Apologia has been studied using multiple methods, including Ware and Linkugel (1973) and Burke (1969). However, Benoit’s (1995a) method, which integrates these diverse approaches, is the most comprehensive due to its expanded typology. This inclusive nature makes it a logical choice for application in this study.
Benoit’s theory of image restoration has two major assumptions. First, it assumes that communication is a goal-oriented activity. Second, it assumes that the maintenance of a favorable image is one of the primary goals (Clark & Delia, 1979). With this understanding, the strategies for maintaining a good “face” can be addressed.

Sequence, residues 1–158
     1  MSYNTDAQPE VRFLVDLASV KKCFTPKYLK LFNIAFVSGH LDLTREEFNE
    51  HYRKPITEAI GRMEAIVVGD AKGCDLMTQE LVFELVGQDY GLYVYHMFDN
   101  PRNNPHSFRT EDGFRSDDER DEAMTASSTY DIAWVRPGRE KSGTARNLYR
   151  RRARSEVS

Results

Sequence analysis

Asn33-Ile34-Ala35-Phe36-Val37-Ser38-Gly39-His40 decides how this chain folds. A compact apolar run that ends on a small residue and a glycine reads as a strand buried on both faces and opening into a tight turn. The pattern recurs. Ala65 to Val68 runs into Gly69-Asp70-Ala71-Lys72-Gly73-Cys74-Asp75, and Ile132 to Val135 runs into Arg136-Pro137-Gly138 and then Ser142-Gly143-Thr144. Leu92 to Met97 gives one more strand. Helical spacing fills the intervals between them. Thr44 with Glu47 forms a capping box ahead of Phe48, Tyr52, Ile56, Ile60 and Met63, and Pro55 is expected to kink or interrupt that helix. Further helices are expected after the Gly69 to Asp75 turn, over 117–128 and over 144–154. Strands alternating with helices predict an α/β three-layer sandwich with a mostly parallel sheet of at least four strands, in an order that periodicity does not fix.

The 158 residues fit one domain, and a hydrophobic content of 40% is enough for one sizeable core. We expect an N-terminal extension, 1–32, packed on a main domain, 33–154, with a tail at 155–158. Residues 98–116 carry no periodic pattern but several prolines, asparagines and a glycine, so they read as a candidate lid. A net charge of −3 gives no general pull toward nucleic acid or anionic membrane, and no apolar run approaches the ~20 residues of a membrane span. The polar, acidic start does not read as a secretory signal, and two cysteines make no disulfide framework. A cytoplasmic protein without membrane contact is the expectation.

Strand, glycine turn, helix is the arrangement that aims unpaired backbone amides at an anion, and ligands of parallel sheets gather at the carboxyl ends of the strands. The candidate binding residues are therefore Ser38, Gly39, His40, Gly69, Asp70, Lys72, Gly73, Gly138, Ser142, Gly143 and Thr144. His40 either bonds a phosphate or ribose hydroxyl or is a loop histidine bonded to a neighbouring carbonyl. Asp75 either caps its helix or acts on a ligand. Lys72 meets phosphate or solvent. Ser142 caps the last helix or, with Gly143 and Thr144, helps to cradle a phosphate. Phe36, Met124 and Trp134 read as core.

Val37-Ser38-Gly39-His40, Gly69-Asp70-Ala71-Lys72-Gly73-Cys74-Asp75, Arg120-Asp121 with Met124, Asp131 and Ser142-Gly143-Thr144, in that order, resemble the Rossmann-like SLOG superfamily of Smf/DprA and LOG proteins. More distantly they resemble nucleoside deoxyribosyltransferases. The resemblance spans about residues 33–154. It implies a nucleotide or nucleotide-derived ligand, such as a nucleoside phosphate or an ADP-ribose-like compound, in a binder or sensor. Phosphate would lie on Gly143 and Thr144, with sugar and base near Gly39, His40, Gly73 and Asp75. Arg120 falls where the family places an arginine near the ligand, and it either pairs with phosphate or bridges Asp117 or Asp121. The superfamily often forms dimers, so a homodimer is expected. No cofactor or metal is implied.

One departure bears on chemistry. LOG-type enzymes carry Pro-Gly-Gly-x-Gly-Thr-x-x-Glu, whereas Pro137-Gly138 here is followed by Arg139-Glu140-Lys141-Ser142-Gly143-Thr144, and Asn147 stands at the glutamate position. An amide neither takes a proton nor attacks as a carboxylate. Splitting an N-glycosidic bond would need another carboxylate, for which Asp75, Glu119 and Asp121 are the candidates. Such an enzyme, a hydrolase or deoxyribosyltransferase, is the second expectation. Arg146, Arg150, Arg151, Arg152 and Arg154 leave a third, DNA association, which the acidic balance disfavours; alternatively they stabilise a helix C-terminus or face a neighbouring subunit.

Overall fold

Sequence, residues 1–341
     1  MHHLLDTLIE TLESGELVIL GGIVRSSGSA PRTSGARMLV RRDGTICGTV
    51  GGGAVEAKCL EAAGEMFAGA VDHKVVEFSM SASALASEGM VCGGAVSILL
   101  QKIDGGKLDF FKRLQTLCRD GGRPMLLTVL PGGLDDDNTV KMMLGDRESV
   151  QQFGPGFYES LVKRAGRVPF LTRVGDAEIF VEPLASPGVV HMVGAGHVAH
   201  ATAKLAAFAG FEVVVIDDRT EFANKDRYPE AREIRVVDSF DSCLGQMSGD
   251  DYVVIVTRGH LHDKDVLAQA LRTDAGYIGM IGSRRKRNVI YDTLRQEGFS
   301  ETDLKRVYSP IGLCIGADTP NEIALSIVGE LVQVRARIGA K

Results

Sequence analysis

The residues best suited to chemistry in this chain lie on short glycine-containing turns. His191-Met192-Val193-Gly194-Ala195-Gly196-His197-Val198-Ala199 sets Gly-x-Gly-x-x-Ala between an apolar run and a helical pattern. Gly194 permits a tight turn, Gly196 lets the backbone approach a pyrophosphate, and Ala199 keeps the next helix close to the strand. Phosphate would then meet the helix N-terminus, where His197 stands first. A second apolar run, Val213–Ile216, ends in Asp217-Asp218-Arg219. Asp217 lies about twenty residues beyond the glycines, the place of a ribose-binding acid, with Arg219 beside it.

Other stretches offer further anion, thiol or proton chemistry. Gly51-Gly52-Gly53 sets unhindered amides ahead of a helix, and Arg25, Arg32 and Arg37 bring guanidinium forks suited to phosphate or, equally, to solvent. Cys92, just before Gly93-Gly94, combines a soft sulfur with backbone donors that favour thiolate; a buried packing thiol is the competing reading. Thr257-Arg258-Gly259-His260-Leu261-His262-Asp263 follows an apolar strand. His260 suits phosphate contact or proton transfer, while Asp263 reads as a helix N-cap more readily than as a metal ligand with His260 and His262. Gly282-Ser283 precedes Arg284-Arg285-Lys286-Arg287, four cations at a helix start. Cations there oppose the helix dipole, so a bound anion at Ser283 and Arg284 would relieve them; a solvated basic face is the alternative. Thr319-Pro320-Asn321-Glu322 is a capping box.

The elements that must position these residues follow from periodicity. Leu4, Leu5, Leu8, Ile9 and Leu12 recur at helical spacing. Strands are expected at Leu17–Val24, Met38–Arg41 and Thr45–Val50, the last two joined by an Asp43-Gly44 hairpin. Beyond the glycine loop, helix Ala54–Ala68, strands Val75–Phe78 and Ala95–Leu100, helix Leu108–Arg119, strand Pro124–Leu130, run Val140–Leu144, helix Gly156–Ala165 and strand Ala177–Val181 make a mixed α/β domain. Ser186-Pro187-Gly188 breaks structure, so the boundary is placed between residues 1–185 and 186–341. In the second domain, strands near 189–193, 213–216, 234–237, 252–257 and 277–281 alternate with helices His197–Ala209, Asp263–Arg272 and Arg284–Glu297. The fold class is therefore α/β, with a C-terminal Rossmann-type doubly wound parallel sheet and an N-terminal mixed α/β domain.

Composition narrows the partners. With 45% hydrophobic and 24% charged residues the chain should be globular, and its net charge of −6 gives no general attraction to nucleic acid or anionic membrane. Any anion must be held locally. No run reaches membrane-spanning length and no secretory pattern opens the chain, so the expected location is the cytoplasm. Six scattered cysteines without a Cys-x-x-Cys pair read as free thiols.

Benoit’s (1995a) typology contains five major categories: denial, evading responsibility, reducing offensiveness, corrective action, and mortification. Additionally, three of these have subcategories, making a total of fourteen image repair strategies that rhetors choose to use. These are displayed in Table 2.1.
The denial category can be broken down into simple denial and shift the blame. In simple denial, a rhetor denies having done anything wrong. For example, a politician might insist, “I did not accept money from foreign industries.”